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Last time we discussed the law in Serbia: now we feel obligated to broaden the discussion and talk about its neighboring country. So, the Bosnian approach is on today's agenda.
It seems like the term "whistleblowing" has always existed: the history of corruption crimes takes centuries; the number of people who reported it is also imposing. However, many countries still have no specific law for whistleblowers or implemented it a few years ago due to external pressure. The latter is exactly what happened to Bosnia and Herzegovina; the demand for a new legislature existed long before 2014 when it finally found its realization.
New, but not original; Law on Whistleblowers in the Institutions of Bosnia-Herzegovina doesn't significantly differ from similar laws in the field of witness protection. Its flaw is obvious and can be seen from the title: only state-level institutions are covered.
The Bosnian initiative is considered comprehensive and is on the list of the best. It is so for many reasons: whistleblowers get a special status at the time of request (not after dismissal or harassment), and monitoring institutions are assigned and mentioned in the law.
The problem with many regulations on whistleblowing is the absence of penalties for employers and designated officials. In Bosnia and Herzegovina, the penalty is defined; as a large sum of money to pay for not investigated cases that serve as the right motivation.
Employer vs Employee
Submit a report in good faith, reach a responsible authority in case of ignorance, and confirm the relevance of your submission — these are the main rules for an employee in the public sphere. By the law of BiH, the employer must ensure that:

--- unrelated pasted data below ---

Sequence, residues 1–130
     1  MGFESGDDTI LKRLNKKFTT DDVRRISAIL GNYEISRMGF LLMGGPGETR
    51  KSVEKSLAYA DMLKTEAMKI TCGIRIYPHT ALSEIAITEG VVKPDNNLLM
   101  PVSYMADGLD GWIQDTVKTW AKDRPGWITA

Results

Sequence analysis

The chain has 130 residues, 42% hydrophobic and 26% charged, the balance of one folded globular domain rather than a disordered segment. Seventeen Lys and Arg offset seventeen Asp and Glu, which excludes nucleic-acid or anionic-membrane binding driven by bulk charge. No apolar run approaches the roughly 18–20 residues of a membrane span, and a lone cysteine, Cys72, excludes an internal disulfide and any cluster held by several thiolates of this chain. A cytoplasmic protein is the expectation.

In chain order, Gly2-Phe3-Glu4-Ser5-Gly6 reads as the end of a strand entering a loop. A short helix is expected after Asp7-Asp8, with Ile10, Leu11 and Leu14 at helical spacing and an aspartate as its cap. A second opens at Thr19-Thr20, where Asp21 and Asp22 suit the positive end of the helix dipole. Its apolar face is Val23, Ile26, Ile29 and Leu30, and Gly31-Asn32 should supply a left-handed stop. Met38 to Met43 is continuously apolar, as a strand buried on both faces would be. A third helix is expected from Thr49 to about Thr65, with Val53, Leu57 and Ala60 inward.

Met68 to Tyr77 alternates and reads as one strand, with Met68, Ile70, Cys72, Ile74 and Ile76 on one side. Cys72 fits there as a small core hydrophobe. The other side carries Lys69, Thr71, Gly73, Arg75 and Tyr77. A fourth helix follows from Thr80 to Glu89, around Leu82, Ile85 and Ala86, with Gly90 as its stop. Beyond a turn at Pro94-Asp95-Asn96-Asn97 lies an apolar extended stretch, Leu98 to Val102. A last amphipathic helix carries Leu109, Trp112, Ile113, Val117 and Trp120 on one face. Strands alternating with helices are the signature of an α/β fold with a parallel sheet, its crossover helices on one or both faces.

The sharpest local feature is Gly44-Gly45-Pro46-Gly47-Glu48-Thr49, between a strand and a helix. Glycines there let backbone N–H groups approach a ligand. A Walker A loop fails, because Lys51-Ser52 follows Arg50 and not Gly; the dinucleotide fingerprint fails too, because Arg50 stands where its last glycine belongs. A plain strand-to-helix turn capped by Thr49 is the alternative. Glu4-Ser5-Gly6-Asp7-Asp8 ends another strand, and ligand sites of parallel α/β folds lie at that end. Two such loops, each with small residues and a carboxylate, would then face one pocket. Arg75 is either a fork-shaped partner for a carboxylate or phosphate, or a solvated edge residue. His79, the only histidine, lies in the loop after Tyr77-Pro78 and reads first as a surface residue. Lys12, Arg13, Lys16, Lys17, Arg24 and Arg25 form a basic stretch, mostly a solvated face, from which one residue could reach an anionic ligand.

- there is an internal channel for whistleblowers who have noticed the act of corruption or suspect it (institution's by-law)
- the investigation of the report doesn't take longer than 15 days
- reaction to the report has been made, and the employee doesn't have any objections.
The employer should remember the right of an employee to report externally in case of ignorance or no by-law. The fine for evading the obligation might take up to 10 000€.
The law doesn't contain any clarifications about anonymity or information security, so most likely it can't be achieved in current conditions.
How to split the obligations
The law becomes unique, when it triples: there is state law for Bosnia and Herzegovina, a code for public and private sectors in Republika Srpska and Brcko with a non-defined position. It was complicated historically, and now it is complicated in daily routine.
Bosnian and Republika Srpska's positions don't have much in common; it can explain why all the initiatives regarding whistleblowing are tough to implement. The law of the latter is more specified but doesn't have as many successful examples as Bosnian.
It is really working
Blowing the whistle in BiH is still not for every employee. Nevertheless, the country has shown the work of the report-reaction-improvement system. Several cases were resolved in favor of the employee since 2015.
The most famous Bosnian whistleblower Kathryn Bolkovac, who was a witness of sexual slavery operations and reported it, is an excellent example of getting justice. Even though her story is almost 20 years old, it is still up-to-date as it shows what it takes when there is no working procedure for whistleblowing.
The law didn't exist in 2001 when it should have. Now Bosnia and Herzegovina has to finish the process it started and work not only on the law for whistleblowers but the reasons for corruption.